Government official says Japan can supply weapons to U.S. Forces

The Japanese defense chief has suggested that Japan may supply munitions to the U.S. forces under the contingency laws. This marks a major departure from the previous government view that such assistance needs to be carefully examined regarding constitutionality.

This was in answer to Japanese Communist Party representative Akamine Seiken during a Lower House committee meeting on May 12.

Defense Agency Director General Ishiba Shigeru said supplying the U.S. forces with munitions will be carried out "on a case-by-case basis" and "within constitutional limits".

In his question time on that day, Akamine was asking the government to explain what kind of support Japan will extend to the U.S. forces under the bill to deal with perceived threats or predicted armed attacks on Japan.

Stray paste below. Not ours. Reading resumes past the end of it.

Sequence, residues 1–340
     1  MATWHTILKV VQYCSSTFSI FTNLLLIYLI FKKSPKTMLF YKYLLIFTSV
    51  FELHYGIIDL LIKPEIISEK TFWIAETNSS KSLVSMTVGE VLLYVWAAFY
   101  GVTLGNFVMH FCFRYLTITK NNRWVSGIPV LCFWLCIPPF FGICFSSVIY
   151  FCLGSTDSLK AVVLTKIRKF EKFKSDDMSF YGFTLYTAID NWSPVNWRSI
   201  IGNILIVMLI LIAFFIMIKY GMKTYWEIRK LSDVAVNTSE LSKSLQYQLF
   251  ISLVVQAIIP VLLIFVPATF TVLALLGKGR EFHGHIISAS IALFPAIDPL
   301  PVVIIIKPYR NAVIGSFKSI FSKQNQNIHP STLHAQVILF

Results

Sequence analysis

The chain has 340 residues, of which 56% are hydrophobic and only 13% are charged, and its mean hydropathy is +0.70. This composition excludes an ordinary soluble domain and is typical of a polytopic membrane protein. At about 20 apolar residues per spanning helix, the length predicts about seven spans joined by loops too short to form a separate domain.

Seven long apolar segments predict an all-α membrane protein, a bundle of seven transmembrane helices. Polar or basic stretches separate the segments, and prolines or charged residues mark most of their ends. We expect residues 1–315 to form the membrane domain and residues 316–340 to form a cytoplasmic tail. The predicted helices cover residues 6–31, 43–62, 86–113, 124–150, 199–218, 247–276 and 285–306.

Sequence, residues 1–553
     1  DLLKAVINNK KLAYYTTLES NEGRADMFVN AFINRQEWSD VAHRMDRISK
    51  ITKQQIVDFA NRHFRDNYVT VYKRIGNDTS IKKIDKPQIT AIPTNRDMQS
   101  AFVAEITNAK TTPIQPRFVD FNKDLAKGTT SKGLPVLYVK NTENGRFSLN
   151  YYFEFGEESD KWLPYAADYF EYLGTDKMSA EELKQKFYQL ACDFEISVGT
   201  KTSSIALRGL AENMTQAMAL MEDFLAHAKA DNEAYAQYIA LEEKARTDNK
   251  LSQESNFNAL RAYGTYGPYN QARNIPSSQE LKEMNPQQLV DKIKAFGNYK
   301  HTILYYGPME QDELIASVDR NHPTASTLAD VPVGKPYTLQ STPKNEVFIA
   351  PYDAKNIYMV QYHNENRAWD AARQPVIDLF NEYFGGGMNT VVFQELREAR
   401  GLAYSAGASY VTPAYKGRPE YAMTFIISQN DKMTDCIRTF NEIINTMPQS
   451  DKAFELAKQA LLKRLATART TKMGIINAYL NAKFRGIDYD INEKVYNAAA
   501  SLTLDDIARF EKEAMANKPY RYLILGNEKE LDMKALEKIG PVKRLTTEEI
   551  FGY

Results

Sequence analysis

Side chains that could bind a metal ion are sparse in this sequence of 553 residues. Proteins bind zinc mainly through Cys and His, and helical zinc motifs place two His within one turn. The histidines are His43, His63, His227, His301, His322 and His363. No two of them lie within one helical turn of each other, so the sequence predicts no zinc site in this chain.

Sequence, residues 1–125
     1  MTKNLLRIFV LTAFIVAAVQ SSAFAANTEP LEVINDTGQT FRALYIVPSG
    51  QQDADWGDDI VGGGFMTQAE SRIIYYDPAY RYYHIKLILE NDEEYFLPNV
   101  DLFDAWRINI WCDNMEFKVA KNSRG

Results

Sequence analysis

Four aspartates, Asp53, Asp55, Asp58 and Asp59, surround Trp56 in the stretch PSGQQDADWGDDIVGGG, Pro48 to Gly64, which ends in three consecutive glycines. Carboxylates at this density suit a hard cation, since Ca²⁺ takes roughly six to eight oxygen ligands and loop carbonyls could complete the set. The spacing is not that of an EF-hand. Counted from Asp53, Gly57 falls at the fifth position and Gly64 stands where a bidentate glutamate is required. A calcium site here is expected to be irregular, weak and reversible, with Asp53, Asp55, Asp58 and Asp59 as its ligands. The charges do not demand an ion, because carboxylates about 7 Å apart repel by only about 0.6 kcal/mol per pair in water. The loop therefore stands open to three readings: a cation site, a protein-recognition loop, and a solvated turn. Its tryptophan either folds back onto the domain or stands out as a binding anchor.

Akamine pointed out that one of the bills states that Japan would provide supplies, facilities, and labor to the U.S. forces but stops short of mentioning specific activities.

Foreign Minister Kawaguchi Yoriko said that the Japan-U.S. Acquisition and Cross Servicing Agreement (ACSA) may possibly be amended, but added, "We are not in a position to go into details."

Akamine said, "The contingency bills must not be put to a vote before the government gives further details of Japan's support for the U.S. forces."

The government in Diet sessions on the 1999 Law to "deal with situations in areas surrounding Japan" clearly defined Japan Self-Defense Forces' support for the U.S. forces. However, concerning the three contingency bills, the government has not given any details, saying that they will be made later as part of additional clauses to the war laws. (end)

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